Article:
• fermentation
  • CBM 588 for clinical use is produced by submerged anaerobic fermentation followed by centrifugation, drying, blending and packaging. (wikipedia.org)
  • The acetic acid is produced by the fermentation of ethanol by acetic acid bacteria. (wikipedia.org)
  • The longer fermentation period allows for the accumulation of a non-toxic slime composed of acetic acid bacteria. (wikipedia.org)
  • Fermentation by lactobacilli is introduced naturally, as these air-borne bacteria culture on raw cabbage leaves where they grow. (wikipedia.org)
  • In the first phase, anaerobic bacteria such as Klebsiella and Enterobacter lead the fermentation, and begin producing an acidic environment that favors later bacteria. (wikipedia.org)
  • In industry, bacteria are important in sewage treatment and the breakdown of oil spills, the production of cheese and yogurt through fermentation, and the recovery of gold, palladium, copper and other metals in the mining sector, as well as in biotechnology, and the manufacture of antibiotics and other chemicals. (wikipedia.org)
  • organisms
  • These microscopic organisms are found in plants and animals as well as in the human body. (scribd.com)
  • Pattern formation and self-organization in microbial systems is an intriguing phenomenon, reflection social behaviors of bacteria that might provide insights into the evolutionary development of the collective action of cells in higher organisms. (wikipedia.org)
  • Although the term bacteria traditionally included all prokaryotes, the scientific classification changed after the discovery in the 1990s that prokaryotes consist of two very different groups of organisms that evolved from an ancient common ancestor. (wikipedia.org)
  • For about 3 billion years, most organisms were microscopic, and bacteria and archaea were the dominant forms of life. (wikipedia.org)
  • tetanus
  • A significant amount of prominent diseases are induced by exogenous bacteria such as gonorrhea, meningitis, tetanus, and syphilis. (wikipedia.org)
  • Lactic Acid Bac
  • and lactic acid bacteria have been found to be major contributors to muscle food spoilage, depending on the product type and the conditions surrounding the product. (asmscience.org)
  • German pronunciation: [ˈzaʊ.ɐˌkʁaʊt] ( listen)) is finely cut cabbage that has been fermented by various lactic acid bacteria. (wikipedia.org)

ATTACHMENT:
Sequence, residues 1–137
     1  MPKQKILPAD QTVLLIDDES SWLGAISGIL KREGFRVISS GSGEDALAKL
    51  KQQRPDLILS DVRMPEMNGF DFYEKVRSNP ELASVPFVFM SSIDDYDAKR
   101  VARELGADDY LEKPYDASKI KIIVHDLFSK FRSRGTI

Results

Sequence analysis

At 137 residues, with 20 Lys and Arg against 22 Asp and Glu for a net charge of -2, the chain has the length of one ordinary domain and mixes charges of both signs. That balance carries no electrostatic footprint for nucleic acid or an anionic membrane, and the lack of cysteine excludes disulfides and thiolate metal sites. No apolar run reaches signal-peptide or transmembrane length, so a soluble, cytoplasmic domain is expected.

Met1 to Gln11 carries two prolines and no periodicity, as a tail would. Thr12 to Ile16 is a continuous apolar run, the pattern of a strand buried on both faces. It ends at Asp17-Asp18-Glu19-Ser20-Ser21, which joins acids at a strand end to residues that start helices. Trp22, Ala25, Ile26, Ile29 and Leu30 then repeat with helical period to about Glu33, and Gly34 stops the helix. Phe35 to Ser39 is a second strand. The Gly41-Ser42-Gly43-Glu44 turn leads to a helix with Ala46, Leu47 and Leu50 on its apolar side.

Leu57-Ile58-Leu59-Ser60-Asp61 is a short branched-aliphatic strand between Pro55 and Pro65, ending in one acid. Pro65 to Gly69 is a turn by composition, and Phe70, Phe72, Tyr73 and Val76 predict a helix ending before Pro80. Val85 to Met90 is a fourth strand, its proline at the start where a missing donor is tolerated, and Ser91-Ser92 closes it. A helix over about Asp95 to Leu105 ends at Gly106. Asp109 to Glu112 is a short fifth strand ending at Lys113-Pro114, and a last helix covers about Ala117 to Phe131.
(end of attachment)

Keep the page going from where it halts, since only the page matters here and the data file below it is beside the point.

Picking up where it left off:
• A 2004 genomic study found an unexpectedly large diversity of lactic acid bacteria in sauerkraut, and that previous studies had oversimplified this diversity. (wikipedia.org)
  • Strains
  • In the early 1960's, as also reported by Johnson (2007), methicillin, a type of penicillin antibiotic was introduced and was effective against these strains of Staphylococcus areus that were resistant to penicillin. (studymode.com)
  • L. monocytogenes serotype 4b strains are responsible for 33 to 5% of sporadic human cases worldwide and for all major foodborne outbreaks in Europe and North America since the 1980s. (wikipedia.org)
  • This theory is supported by the presence of integration sites flanking the toxin in some strains of C. botulinum. (wikipedia.org)
  • intestine
  • Some types of microbes stay in the intestine, some produce a toxin that is absorbed into the bloodstream, and some can directly invade deeper body tissues. (wikipedia.org)
  • Pathogenic exogenous bacteria can enter a closed biological system and cause disease such as Cholera, which is induced by a waterborne microbe that infects the human intestine. (wikipedia.org)
  • in the intestine, it uses tryptophan to synthesize indole and subsequently 3-indolepropionic acid (IPA) - a type of auxin (plant hormone) - which serves as a potent antioxidant within the human body and brain. (wikipedia.org)
  • favorable
  • Under conditions somewhat more favorable to motion, such as growth on a softer substrate, the bacteria engineer classes of chiral colony patterns in which the branches are thinner and curl in the same direction (Figure 2). (wikipedia.org)
  • occur
  • The morphotype transition are both inheritable - the identity is maintained during LB growth and even through sporulation/germination, and reversible - for example the reverse transitions from chiral to ordinary branching occur on harder substrates (when higher bacteria densities are required to produce sufficient amounts of lubrication). (wikipedia.org)
  • fungi
  • Moreover, I am PI Infrastructure project of the Collaborative Research Center / Transregio 124 Pathogenic fungi and their human host: Networks of Interaction - FungiNet. (fairdomhub.org)
  • sugars
  • It has a long shelf life and a distinctive sour flavor, both of which result from the lactic acid that forms when the bacteria ferment the sugars in the cabbage. (wikipedia.org)
  • symbiotic
  • Remarkably, the DNA of the tiny bacterium Buchnera aphidicola (which is distantly related to E. coli but entered into a symbiotic partnership with the aphid around 200 million years ago) has a GC content of only 26%, making its DNA look almost like a two-letter code (A and T, with the occasional G or C). (blogspot.ca)
  • Indole-3-propionate (IPA), a deamination product of tryptophan formed by symbiotic bacteria in the gastrointestinal tract of mammals and birds. (wikipedia.org)
  • Bacteria also live in symbiotic and parasitic relationships with plants and animals. (wikipedia.org)
  • infections
  • Infections can range from simple to complex ones that can be fatal or debilitating, but because of the continuous researches and studies to protect the human race, antibiotics were discovered. (studymode.com)
  • lethal
  • Botulinum is the most acutely lethal toxin known, with an estimated human median lethal dose (LD50) of 1.3-2.1 ng/kg intravenously or intramuscularly and 10-13 ng/kg when inhaled. (wikipedia.org)
  • injection
  • Replacement of strabismus surgery with less invasive procedures began in Alan B Scott's San Francisco lab with his development of botulinum toxin injection treatment. (wikipedia.org)
  • Botulinum toxin injection is commonly used for small and moderate degrees of infantile esotropia, acquired adult strabismus, and where it is a consequence of retinal detachment surgery, that is, in cases where there is good potential for binocular vision, so that the corrected alignment can be stabilized by motor fusion. (wikipedia.org)
  • Most commonly, botulinum toxin can be injected into the wrong muscle group or spread from the injection site, causing paralysis of unintended muscles. (wikipedia.org)